2014 Global Open Water Swimming Conference

Learn more...
Courtesy of WOWSA, Huntington Beach, California.

CLICK HERE TO REGISTER FOR THE CONFERENCE

The Global Open Water Swimming Conference is a conference on the sport of open water swimming, marathon swimming and swimming during triathlons and multi-sport endurance events.

The conference which has been attended by enthusiasts and luminaries from 6 continents, is devoted to providing information about the latest trends, race tactics, training techniques, equipment, psychological preparation, race organization and safety practices used in the sports of open water swimming, marathon swimming and triathlons.

The conference's mission is to provide opportunities to listen and meet many of the world's most foremost experts in open water swimming, and to meet and discuss the sport among swimmers, coaches, administrators, event organizers, sponsors, vendors, officials, escort pilots, and volunteers from kayakers to safety personnel.

Dozens of presentations at the 2014 Conference at the Mount Stuart House cover numerous aspects of the vast and growing world of open water swimming where attendees can learn and share the latest trends, race tactics, training modalities, swimming techniques, equipment, race organization, logistics, operations, and safety practices for open water swimming as a solo swimmer, competitive athlete, fitness swimmer, masters swimmer, triathlete, multi-sport athlete, administrator, race promoter, sponsor or referee.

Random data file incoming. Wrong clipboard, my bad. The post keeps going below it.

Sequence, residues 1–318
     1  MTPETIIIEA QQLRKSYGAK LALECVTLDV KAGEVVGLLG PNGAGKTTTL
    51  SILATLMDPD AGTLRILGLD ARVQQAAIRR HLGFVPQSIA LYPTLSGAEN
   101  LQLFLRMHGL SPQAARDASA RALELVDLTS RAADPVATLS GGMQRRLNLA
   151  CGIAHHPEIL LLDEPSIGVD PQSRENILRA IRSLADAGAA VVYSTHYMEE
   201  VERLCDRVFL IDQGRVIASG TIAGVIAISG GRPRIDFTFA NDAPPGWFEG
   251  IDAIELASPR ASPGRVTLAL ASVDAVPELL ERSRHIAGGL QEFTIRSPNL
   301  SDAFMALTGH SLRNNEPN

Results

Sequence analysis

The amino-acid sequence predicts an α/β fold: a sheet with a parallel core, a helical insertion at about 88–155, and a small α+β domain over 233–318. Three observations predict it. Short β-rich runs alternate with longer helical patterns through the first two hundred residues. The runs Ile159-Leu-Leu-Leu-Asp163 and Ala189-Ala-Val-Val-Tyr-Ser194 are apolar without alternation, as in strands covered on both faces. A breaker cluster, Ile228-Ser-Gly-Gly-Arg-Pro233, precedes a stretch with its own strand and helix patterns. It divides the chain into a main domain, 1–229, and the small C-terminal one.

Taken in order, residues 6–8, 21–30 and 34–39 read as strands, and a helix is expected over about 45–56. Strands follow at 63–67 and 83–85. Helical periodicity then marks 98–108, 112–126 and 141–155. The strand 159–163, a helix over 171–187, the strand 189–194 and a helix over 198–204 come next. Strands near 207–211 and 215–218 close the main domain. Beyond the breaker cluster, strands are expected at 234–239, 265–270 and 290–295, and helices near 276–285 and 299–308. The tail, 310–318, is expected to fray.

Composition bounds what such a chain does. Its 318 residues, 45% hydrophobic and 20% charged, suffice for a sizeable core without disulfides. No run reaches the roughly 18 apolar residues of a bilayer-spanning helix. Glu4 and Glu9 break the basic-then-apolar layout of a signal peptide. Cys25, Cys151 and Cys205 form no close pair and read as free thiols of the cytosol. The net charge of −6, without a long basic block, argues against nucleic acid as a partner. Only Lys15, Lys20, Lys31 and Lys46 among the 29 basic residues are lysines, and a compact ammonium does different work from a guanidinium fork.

The conference was first held in Long Beach, California as part of the 2010 USA Swimming National Open Water Swimming Championships. It has since been held on the Queen Mary in California, at Columbia University and the United Nations in New York City, and in Cork, Ireland. This year in September, it comes to another iconic location, the Mount Stuart House on the Isle of Bute in Scotland.

"The Global Open Water Swimming Conference was started due to the desire and need for athletes, coaches, referees, administrators, race directors, promoters and sponsors from around the world to share, collect and learn information about the growing sports of open water swimming, marathon swimming and triathlons," said founder Steven Munatones. "Other swimming conferences usually offering nothing on open water swimming or perhaps a speech or two, but we thought open water swimming deserves its own global conference. It is great that the community shares its information via the online social network, but there is nothing like meeting other open water swimming enthusiasts face-to-face and talking about the sport from morning to night."